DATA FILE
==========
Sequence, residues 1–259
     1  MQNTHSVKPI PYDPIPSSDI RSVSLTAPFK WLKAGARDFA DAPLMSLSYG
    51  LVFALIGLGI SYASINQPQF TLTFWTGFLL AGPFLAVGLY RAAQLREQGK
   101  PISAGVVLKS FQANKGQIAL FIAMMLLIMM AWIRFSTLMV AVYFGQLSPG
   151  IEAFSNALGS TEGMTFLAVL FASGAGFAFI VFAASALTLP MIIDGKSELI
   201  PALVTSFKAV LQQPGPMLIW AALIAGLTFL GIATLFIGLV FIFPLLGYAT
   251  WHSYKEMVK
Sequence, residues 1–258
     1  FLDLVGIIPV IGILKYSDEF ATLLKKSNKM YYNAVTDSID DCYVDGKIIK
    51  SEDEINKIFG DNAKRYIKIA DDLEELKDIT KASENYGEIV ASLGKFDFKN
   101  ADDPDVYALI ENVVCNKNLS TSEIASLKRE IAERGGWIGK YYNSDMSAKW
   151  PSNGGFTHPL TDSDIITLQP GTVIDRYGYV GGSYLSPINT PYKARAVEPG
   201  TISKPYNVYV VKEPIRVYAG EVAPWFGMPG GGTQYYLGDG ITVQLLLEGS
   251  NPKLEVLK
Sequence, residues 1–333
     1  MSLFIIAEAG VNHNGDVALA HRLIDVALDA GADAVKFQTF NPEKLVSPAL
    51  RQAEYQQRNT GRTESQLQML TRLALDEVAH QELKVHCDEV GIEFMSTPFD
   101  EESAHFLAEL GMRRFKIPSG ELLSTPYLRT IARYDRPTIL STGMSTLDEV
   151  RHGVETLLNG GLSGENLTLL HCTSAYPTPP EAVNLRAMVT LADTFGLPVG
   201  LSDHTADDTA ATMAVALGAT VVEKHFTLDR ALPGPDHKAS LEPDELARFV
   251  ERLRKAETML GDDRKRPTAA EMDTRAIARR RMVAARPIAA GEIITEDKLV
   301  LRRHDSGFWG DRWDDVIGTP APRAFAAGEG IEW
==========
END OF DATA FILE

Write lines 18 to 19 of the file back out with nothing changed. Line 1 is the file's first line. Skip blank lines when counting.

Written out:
   101  EESAHFLAEL GMRRFKIPSG ELLSTPYLRT IARYDRPTIL STGMSTLDEV
   151  RHGVETLLNG GLSGENLTLL HCTSAYPTPP EAVNLRAMVT LADTFGLPVG